Relationship between dietary phytoestrogens and development of urinary incontinence in midlife women

L Elaine Waetjen, Katherine Leung, Sybil L. Crawford, Mei Hua Huang, Ellen B Gold, Gail A. Greendale

Research output: Contribution to journalArticle

5 Citations (Scopus)

Abstract

Because exogenous estrogen treatment has been associated with a higher risk of urinary incontinence, our objective was to evaluate the longitudinal relationships of dietary phytoestrogen intakes (isoflavones, coumestans, and lignans) and the development of incontinence in midlife women transitioning through menopause. METHODS: The Study of Women's Health Across the Nation (SWAN) Phytoestrogen Study was developed within SWAN, a community-based, multisite, multiracial/ethnic, prospective cohort study. SWAN interviewers administered a food consumption assessment at baseline and on follow-up visits 5 and 9. The SWAN Phytoestrogen Study created a phytonutrient database that allowed estimation of the usual daily intakes of four isoflavones, four lignans, and coumestrol. On an annual self-administered questionnaire, participants reported on the frequency and type of incontinence. We used discrete proportional hazards models to evaluate whether the estimated daily intake of each phytoestrogen class on the visit previous to the first report of incontinence was associated with the development of monthly or more incontinence versus remaining continent. RESULTS: We found no association or patterns of association between developing any, stress, or urge incontinence and the reported daily dietary intake of isoflavones, coumestrol, and lignans on the visit previous to the onset of incontinence. CONCLUSIONS: The results of this longitudinal study provide important information to better understand estrogenlike substances in the continence mechanism of midlife women. Our study shows that neither high nor low dietary intakes of isoflavones, coumestrol, and lignans prevent stress or urge incontinence. Future studies should evaluate whether serum levels of phytoestrogens or their metabolites impact incontinence symptoms.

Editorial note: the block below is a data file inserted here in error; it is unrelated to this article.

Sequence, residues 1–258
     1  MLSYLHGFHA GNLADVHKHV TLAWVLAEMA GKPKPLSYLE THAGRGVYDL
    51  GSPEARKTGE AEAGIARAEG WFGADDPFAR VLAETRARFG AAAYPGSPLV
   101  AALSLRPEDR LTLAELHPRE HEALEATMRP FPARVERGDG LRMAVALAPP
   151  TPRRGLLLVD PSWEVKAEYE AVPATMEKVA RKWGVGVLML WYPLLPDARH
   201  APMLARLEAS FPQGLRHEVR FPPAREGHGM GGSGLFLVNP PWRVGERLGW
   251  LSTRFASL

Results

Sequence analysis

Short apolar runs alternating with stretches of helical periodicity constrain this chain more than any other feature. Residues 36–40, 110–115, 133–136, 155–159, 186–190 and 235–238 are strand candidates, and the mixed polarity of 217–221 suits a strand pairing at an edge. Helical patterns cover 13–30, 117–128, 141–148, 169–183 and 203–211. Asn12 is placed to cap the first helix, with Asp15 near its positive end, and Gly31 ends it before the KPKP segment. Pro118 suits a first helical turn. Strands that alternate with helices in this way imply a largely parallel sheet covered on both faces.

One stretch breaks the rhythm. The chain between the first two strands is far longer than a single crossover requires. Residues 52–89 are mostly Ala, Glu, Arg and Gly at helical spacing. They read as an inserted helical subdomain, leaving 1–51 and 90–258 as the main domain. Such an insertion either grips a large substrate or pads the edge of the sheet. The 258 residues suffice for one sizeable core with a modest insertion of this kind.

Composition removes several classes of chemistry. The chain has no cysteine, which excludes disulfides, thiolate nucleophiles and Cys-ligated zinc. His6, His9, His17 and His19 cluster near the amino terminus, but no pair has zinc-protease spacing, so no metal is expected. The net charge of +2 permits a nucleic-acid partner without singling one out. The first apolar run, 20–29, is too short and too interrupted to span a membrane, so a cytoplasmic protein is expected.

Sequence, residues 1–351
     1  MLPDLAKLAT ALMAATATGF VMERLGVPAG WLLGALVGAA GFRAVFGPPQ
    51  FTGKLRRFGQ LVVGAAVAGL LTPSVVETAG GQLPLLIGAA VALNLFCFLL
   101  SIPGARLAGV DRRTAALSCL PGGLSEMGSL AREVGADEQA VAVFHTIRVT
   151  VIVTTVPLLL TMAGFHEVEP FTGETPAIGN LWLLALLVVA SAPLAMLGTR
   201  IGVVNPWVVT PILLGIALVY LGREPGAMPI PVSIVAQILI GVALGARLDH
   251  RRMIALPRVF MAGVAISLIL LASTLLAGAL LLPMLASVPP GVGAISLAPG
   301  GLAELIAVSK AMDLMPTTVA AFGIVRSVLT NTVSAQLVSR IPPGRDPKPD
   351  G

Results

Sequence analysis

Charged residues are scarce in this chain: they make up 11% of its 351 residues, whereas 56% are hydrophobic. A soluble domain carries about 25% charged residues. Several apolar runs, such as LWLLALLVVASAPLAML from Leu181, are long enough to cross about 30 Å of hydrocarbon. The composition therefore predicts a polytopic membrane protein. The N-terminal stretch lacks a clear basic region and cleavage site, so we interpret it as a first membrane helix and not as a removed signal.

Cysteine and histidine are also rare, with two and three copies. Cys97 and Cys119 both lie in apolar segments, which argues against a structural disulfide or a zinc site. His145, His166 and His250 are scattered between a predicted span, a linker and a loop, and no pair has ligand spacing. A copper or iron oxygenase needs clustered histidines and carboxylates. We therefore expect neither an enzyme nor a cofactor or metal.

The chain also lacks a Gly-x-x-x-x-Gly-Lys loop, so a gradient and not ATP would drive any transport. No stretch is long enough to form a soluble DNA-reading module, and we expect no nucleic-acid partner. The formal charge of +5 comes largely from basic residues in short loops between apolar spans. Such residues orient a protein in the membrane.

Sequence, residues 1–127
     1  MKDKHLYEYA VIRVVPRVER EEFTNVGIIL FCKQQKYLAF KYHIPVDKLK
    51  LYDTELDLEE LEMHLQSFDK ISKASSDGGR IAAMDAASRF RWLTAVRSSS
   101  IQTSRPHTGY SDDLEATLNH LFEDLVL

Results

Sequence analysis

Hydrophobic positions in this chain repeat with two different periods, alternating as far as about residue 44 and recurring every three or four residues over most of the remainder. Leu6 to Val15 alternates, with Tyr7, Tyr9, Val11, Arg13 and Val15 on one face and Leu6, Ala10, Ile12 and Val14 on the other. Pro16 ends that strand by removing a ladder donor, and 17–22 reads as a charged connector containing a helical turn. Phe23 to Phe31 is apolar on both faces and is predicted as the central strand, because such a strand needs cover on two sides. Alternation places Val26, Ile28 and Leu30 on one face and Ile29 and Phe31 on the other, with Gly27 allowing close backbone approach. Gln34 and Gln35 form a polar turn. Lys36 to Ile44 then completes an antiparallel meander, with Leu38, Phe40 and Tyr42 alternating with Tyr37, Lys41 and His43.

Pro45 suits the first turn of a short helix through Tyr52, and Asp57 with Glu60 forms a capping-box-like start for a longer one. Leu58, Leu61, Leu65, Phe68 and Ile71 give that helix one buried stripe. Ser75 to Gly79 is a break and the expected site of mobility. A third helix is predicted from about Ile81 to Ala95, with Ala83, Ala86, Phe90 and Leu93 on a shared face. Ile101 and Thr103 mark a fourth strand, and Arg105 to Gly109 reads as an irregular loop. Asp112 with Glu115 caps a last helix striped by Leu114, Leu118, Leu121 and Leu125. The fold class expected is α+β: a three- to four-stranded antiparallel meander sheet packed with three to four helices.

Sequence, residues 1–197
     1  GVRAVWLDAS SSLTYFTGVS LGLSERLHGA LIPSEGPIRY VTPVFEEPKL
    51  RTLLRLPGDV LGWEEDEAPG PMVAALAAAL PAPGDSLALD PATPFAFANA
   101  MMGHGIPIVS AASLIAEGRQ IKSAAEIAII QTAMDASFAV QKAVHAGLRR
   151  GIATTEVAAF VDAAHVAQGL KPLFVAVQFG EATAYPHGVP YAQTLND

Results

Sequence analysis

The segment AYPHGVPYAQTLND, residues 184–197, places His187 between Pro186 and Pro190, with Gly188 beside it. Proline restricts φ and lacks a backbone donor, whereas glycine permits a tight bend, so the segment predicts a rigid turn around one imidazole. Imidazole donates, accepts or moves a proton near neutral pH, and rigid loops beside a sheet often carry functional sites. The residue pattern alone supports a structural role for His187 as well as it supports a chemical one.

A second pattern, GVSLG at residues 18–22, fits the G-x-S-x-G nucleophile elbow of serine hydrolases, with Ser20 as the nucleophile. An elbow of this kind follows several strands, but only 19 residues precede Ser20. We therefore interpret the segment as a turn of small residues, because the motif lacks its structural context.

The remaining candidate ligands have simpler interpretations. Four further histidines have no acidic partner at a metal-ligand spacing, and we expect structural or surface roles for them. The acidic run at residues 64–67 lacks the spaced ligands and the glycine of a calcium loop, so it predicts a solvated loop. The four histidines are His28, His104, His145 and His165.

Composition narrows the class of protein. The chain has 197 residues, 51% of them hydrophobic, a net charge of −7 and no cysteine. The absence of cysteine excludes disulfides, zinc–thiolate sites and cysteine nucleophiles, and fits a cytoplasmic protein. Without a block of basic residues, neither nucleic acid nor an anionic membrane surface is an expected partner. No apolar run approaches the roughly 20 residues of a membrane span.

Original languageEnglish (US)
Pages (from-to)428-436
Number of pages9
JournalMenopause
Volume20
Issue number4
DOIs
StatePublished - Apr 2013

Fingerprint

Phytoestrogens
Urinary Incontinence
Lignans
Isoflavones
Coumestrol
Women's Health
Urge Urinary Incontinence
Phytochemicals
Menopause
Proportional Hazards Models
Longitudinal Studies
Estrogens
Cohort Studies
Databases
Prospective Studies
Interviews
Food
Serum

Keywords

  • Coumestrol
  • Isoflavone
  • Lignan
  • Phytoestrogen
  • Urinary incontinence

ASJC Scopus subject areas

  • Obstetrics and Gynecology

Cite this

Relationship between dietary phytoestrogens and development of urinary incontinence in midlife women. / Waetjen, L Elaine; Leung, Katherine; Crawford, Sybil L.; Huang, Mei Hua; Gold, Ellen B; Greendale, Gail A.

In: Menopause, Vol. 20, No. 4, 04.2013, p. 428-436.

Research output: Contribution to journalArticle

Waetjen, L Elaine ; Leung, Katherine ; Crawford, Sybil L. ; Huang, Mei Hua ; Gold, Ellen B ; Greendale, Gail A. / Relationship between dietary phytoestrogens and development of urinary incontinence in midlife women. In: Menopause. 2013 ; Vol. 20, No. 4. pp. 428-436.
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